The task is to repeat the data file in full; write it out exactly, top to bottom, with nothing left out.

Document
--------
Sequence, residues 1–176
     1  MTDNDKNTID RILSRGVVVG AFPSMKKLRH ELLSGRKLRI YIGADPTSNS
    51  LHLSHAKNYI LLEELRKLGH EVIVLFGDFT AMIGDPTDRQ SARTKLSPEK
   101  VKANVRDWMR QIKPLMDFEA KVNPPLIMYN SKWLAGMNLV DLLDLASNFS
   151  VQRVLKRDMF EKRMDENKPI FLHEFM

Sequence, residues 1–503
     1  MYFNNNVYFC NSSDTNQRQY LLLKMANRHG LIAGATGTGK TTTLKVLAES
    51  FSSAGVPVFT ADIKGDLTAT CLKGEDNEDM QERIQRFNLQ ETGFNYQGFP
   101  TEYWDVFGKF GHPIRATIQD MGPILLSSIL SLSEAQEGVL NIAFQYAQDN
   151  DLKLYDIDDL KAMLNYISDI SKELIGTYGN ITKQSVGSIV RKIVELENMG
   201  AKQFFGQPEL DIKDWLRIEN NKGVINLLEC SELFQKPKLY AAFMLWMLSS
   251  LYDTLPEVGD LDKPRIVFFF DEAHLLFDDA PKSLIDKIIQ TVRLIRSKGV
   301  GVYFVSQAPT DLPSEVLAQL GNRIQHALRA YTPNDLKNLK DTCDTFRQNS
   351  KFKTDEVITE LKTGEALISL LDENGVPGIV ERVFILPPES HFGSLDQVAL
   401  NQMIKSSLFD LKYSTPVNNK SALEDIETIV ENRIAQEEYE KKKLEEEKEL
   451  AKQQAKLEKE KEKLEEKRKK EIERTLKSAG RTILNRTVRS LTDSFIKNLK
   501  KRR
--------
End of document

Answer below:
Sequence, residues 1–176
     1  MTDNDKNTID RILSRGVVVG AFPSMKKLRH ELLSGRKLRI YIGADPTSNS
    51  LHLSHAKNYI LLEELRKLGH EVIVLFGDFT AMIGDPTDRQ SARTKLSPEK
   101  VKANVRDWMR QIKPLMDFEA KVNPPLIMYN SKWLAGMNLV DLLDLASNFS
   151  VQRVLKRDMF EKRMDENKPI FLHEFM

Sequence, residues 1–503
     1  MYFNNNVYFC NSSDTNQRQY LLLKMANRHG LIAGATGTGK TTTLKVLAES
    51  FSSAGVPVFT ADIKGDLTAT CLKGEDNEDM QERIQRFNLQ ETGFNYQGFP
   101  TEYWDVFGKF GHPIRATIQD MGPILLSSIL SLSEAQEGVL NIAFQYAQDN
   151  DLKLYDIDDL KAMLNYISDI SKELIGTYGN ITKQSVGSIV RKIVELENMG
   201  AKQFFGQPEL DIKDWLRIEN NKGVINLLEC SELFQKPKLY AAFMLWMLSS
   251  LYDTLPEVGD LDKPRIVFFF DEAHLLFDDA PKSLIDKIIQ TVRLIRSKGV
   301  GVYFVSQAPT DLPSEVLAQL GNRIQHALRA YTPNDLKNLK DTCDTFRQNS
   351  KFKTDEVITE LKTGEALISL LDENGVPGIV ERVFILPPES HFGSLDQVAL
   401  NQMIKSSLFD LKYSTPVNNK SALEDIETIV ENRIAQEEYE KKKLEEEKEL
   451  AKQQAKLEKE KEKLEEKRKK EIERTLKSAG RTILNRTVRS LTDSFIKNLK
   501  KRR